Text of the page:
Table 1 Correlation Between the Clinicopathologic Variables and the Four Key Genes mRNA Expression in Cervical Cancer

Statistical Analyses

GraphPad Prism 8 statistical software (GraphPAD Software Inc., San Diego, CA, USA) was used for experimental data statistical analyses and image processing. Differences between groups were determined by the unpaired Student’s t-test.


Cytotoxic Effect of MNP

The transmission electron microscopy images of MNPs in Figure 1A–C show a spherical morphology with a size of 20−100 nm. Magnetic iron oxide nanoparticles had a good magnetic response in the external magnetic field (Figure 1D). No cytotoxicity was observed even at the highest particle loading level (400 μg/mL) in the culture medium (Figure 1E, F, H, I). The effects of MNPs on apoptosis of cervical cancer cells were further investigated. HeLa (Figure 1G) and SiHa (Figure 1J) cells treated with MNP for 24 h and 72 h were stained with fluorescein isothiocyanate-labeled Annexin-V/PI and subsequently subjected to flow cytometry analysis. The results revealed that MNP (100 μg/mL) did not significantly increase the number of apoptotic cervical cancer cells.

Figure 1 Properties of MNP in cervical cancer cells. (A and B) TEM images of MNPs in 25,000× (A), 80,000× (B), 600,000× (C). (D) MNP exhibited room temperature superparamagnetism with good magnetic field responsivity towards the external magnet. Effect of the MNP on the viability of the HeLa (E and F) and SiHa (H and I) cells via the MTT assay. Cells were treated with MNP for 0–72h at a concentration range 0–400μg/mL, H2O2 (0.5mM) were employed as positive control. HeLa (G) and SiHa (J) cells treated with MNP (100μg/mL) for 24 and 72 h were stained with FITC-labeled annexinV/PI and subsequently subjected to flow cytometry analysis.

MNP Induced Inhibition of Lysosomal Function

To investigate the successful cell internalization of MNPs, colocalization experiments were conducted using fluorescence microscopy. The colocalization correlation coefficient was determined to be 0.95 (Figure 2A), indicating the internalization of MNP in the lysosome. A decrease in relative fluorescence units of Z-FR-AMC was observed, as a sign of decline in CTSB enzymatic activity (Figure 1B and C), indicating decreased lysosomal function. Lysosomotropic probes were applied to evaluate the effect of MNP on lysosomal pH in the HeLa and SiHa cells. LysoTracker Red exhibits red fluorescence in the lysosome in a pH-dependent manner, and a decrease in red fluorescence indicates an increase in lysosomal pH. The 24-h treatment with 100 μg/mL MNP neutralized the lysosomal pH, which was displayed as decreased red fluorescence of LTR compared with that of the control cells (Figure 1B and C). In addition, AO staining presents red fluorescence when it is accumulated within lysosomes owing to it being highly protonated but shows green fluorescence after diffusion into the cytosol. Thus, an increase in diffuse green fluorescence with a decrease in punctate red fluorescence suggests an elevated lysosomal pH. The 24-h treatment of HeLa and SiHa cells with 100 μg/mL MNP led to a decrease in the red fluorescence and increase in the green fluorescence with AO staining (Figure 1F–G).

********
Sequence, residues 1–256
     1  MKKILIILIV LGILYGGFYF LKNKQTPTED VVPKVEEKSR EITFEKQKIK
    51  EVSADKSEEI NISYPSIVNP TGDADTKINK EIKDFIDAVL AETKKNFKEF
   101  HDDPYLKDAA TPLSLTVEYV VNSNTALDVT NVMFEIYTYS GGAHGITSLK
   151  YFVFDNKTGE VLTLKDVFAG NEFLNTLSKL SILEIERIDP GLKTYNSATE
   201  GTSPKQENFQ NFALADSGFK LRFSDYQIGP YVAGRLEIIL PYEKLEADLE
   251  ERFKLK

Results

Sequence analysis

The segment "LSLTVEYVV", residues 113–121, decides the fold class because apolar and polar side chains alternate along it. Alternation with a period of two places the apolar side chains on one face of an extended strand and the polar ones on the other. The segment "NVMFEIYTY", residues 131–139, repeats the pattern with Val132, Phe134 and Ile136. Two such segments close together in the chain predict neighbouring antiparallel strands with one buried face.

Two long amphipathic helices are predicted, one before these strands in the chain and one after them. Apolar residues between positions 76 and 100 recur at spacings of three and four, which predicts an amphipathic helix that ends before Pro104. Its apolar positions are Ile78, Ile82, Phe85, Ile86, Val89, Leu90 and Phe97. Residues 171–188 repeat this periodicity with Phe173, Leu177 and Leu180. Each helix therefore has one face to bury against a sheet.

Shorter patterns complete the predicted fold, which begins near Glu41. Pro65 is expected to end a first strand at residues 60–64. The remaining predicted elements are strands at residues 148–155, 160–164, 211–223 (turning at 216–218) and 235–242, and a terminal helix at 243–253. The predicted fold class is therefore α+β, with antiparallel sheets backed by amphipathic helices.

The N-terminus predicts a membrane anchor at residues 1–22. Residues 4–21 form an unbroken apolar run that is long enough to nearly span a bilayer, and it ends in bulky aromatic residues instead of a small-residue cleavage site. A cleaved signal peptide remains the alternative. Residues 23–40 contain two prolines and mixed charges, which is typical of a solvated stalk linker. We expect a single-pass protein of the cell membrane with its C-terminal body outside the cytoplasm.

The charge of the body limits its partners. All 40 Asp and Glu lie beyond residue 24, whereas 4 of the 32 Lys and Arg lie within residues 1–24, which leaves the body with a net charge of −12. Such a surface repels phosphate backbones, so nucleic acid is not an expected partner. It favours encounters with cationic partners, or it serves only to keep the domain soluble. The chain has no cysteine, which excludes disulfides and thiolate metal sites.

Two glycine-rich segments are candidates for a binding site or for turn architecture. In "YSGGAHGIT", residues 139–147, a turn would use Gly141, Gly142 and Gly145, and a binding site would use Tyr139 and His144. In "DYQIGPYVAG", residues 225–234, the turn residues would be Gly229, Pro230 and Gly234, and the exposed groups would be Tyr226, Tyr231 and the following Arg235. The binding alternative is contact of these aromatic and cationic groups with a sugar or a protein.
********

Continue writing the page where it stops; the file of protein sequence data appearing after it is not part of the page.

Figure 2 Biological effects of MNP in lysosome of cervical cancer cells. (A) Colocalization of MNP-C6 with lysosomes in HeLa cells. Gray-value calculation and quantitative colocalization analysis was carried out using ImageJ software. CTSB activity in HeLa (B) and SiHa (C) cells was measured as RFU with CTSB substrate Z-FR-AMC. After MNP treatment, CTSB activity decreased significantly (p<0.001). Fluorescence value of lysotracker decreased obviously after MNP treatment in HeLa (D) and SiHa (E) cells. HeLa (F) and SiHa (G) cells treated with MNP exhibit a shift of granular red fluorescence to diffused green fluorescence of AO. Images at 1000× magnification were also shown (row 2, 4). Scale bar = 20 μm. ***p < 0.001.

Abbreviations: MNP, magnetic iron oxides nanoparticle; C6, coumarin 6; CTSB, cathepsin B; RFU, relative fluorescence units; AO, acridine orange.

Identification of DEGs After MNP Treatment

Microarray datasets GSE15248 obtained from the Gene Expression Omnibus database were based on the GPL6102 platforms, which included three MNP-treated HeLa cell samples and three control samples. The results of the GSE15248 provided insights into the potential mechanisms underlying the effects of MNP on cervical cancer cell function. After normalization, 179 DEGs were identified, of which 67 were significantly upregulated genes and 112 were downregulated genes. The results are displayed in the heatmap and volcano plots for DEG expression (Supplementary Figure S1).

Identification of Key Genes Associated with the Survival Time and Clinical Features in Patients with Cervical Cancer